‘The Most’ in Pakistan

The National Anthem with Persian Touch
January 6, 2021
‘After the exam, I looked up to the sky and prayed in tears’
January 6, 2021

‘The Most’ in Pakistan

Pakistan has 35 summits with heights exceeding 7000 metres. The 8.611 metres tall K2 is second to the Mount Everest and the 8.125 metres tall Nanga Parbat is termed as the Killer Mountain due to the number of deaths in scaling attempts. 7 out of 16 highest summits in Asia are within the borders of Pakistan.

40 out of 50 highest mountains are here

40 out of the world’s highest 50 mountains are within the borders of Pakistan. 45 summits in the northern Baltistan region are 6.600 metres and higher. Within a stretch of 104 square kilometres in Gilgit-Baltistan, there are 24 mountains ranging between 6.000 and 7.900 metres. There are 14 summits higher than 8.800 metres in the world: 8 of them are in Nepal, 5 are in Pakistan and 1 is in China.

Glaciers galore

Pakistan has the pride of having the largest glaciers in the world after the North and South Poles. Pakistan’s glaciers occupy 13 per cent of the mountainous terrain in the north and span 13.680 square kilometres. It would not be an exaggeration to say Pakistan’s glaciers occupy the largest frozen terrain on the earth.

The world’s highest trade route is the Karakoram Highway, which links Pakistan and China in the north.

A nuclear power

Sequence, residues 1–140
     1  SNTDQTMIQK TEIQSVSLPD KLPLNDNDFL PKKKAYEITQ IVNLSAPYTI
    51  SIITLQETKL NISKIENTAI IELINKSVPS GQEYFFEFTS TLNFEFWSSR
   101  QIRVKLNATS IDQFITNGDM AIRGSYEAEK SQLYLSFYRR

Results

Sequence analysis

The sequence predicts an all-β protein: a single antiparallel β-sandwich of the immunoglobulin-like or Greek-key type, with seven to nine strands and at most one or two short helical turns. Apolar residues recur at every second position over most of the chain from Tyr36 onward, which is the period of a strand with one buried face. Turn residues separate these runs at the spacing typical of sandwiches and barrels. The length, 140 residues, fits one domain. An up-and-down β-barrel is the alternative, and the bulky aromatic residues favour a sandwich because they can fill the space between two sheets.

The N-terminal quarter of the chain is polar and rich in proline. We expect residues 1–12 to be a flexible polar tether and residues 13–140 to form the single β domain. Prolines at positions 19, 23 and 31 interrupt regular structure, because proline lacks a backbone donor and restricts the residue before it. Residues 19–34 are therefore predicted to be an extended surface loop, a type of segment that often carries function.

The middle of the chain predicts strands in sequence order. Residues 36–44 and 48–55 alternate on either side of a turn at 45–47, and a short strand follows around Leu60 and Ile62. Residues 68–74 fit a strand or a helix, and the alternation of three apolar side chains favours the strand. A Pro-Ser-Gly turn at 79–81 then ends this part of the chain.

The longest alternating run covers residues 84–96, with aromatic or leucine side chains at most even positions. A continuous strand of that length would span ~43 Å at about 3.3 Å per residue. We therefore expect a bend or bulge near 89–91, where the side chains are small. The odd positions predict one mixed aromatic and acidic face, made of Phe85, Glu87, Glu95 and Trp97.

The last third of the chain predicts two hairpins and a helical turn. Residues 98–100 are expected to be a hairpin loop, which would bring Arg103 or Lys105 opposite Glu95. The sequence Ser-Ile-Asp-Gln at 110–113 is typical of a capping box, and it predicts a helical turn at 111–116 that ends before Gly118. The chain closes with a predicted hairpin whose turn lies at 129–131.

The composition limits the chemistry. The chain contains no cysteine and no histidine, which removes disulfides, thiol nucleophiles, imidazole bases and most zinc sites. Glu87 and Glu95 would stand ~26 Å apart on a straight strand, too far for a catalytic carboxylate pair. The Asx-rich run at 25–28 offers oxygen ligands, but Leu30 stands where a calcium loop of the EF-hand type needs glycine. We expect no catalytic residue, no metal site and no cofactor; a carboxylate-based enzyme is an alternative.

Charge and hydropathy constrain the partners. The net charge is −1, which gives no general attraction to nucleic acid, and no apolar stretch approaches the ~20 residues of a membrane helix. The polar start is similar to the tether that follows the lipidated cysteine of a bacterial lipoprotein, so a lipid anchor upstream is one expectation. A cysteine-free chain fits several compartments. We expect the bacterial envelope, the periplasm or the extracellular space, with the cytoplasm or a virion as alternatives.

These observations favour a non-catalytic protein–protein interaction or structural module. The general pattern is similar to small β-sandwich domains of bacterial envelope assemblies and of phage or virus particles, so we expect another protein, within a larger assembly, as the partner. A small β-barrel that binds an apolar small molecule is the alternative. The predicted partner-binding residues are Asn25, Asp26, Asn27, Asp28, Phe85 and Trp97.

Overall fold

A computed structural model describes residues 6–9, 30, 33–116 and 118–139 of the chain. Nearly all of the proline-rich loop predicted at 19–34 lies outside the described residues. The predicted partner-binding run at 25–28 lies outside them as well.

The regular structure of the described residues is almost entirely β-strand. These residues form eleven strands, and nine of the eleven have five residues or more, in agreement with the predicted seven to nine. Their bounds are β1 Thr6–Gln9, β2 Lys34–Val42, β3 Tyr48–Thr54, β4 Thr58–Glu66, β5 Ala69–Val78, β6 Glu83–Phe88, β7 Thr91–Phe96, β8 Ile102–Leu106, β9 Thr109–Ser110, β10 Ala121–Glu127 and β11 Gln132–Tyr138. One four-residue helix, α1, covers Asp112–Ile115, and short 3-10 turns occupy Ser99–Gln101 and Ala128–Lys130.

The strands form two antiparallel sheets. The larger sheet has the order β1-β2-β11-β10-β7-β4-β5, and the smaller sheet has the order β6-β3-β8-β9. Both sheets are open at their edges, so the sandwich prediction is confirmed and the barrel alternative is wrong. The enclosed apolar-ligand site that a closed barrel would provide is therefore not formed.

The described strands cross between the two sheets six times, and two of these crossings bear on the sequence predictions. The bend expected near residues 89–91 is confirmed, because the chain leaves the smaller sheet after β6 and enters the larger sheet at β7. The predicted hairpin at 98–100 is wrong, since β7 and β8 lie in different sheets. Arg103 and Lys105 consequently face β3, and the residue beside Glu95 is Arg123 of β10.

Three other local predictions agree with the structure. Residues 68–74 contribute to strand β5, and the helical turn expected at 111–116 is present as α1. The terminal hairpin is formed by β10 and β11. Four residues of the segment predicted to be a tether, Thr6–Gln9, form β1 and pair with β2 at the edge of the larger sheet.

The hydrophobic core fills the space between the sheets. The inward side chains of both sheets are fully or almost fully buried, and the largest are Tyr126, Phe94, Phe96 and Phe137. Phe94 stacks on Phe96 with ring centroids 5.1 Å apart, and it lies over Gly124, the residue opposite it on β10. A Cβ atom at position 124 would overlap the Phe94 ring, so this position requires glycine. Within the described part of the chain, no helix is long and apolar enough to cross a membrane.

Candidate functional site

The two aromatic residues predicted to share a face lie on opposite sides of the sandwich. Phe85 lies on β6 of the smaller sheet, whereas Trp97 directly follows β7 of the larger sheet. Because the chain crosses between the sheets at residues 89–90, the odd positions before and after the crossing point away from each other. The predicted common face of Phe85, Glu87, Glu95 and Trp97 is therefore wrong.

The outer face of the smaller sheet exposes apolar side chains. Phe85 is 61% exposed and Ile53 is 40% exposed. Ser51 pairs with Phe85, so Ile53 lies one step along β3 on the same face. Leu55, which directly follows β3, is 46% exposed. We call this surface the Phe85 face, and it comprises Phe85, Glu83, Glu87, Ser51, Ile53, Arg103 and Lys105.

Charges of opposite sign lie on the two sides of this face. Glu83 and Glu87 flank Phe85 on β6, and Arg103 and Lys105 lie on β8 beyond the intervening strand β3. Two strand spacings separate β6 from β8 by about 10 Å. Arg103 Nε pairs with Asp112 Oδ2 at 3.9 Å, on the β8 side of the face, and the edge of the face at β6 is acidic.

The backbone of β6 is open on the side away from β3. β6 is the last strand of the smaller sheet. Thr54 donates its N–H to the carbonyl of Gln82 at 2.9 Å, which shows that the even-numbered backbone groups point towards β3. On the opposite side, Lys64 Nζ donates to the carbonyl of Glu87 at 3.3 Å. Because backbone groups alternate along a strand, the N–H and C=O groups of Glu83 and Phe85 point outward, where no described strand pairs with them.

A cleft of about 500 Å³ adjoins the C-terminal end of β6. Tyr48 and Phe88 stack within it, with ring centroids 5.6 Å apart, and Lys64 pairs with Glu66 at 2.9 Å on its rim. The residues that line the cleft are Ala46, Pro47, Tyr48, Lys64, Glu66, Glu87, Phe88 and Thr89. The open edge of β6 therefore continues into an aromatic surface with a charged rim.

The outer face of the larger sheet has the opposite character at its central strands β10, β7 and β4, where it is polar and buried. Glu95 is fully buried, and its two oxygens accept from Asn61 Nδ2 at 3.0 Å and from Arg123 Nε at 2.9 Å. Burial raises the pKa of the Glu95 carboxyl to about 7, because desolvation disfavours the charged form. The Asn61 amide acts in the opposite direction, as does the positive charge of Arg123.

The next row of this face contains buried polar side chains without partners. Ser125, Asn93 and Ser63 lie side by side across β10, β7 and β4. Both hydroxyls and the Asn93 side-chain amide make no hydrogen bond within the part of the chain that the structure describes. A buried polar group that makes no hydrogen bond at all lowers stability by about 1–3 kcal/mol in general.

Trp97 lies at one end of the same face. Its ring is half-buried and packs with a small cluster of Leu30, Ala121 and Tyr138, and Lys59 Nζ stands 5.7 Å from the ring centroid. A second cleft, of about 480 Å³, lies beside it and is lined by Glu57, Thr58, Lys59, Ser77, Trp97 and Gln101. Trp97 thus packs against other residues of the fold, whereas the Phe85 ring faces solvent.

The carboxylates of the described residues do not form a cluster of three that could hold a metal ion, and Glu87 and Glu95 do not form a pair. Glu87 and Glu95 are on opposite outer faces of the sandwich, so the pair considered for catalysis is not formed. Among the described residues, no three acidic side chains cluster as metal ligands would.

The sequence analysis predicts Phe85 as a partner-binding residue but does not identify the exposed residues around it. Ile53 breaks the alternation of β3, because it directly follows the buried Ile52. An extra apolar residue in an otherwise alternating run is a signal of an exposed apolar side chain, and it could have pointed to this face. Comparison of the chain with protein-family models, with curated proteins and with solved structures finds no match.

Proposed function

Pakistan is the first Muslim country with nuclear power.

Opened for residence in 1963, Islamabad is not only Pakistan’s but also one of the world’s most-expertly planned capitals.

The three famed mountain ranges i.e., the Himalayas, the Karakoram, and the Hindukush, converge in northern Pakistan.

The people in Pakistan speak more than 20 languages and more than 50 dialects. The common words between Turkish and Urdu number around 4000.

An agricultural country

Pakistan is an agricultural country where 25 per cent income is generated from agribusiness.

The five rivers naming the Punjab (The Five Waters) province and traverse the country from north to south are the Indus (2.896 km), Jhelum (825 km), Chenab (1.242 km), Ravi (901 km) and Sutlaj (1551 km – in addition, the River Beas is a tributary of the Sutlaj and is 398 km long).

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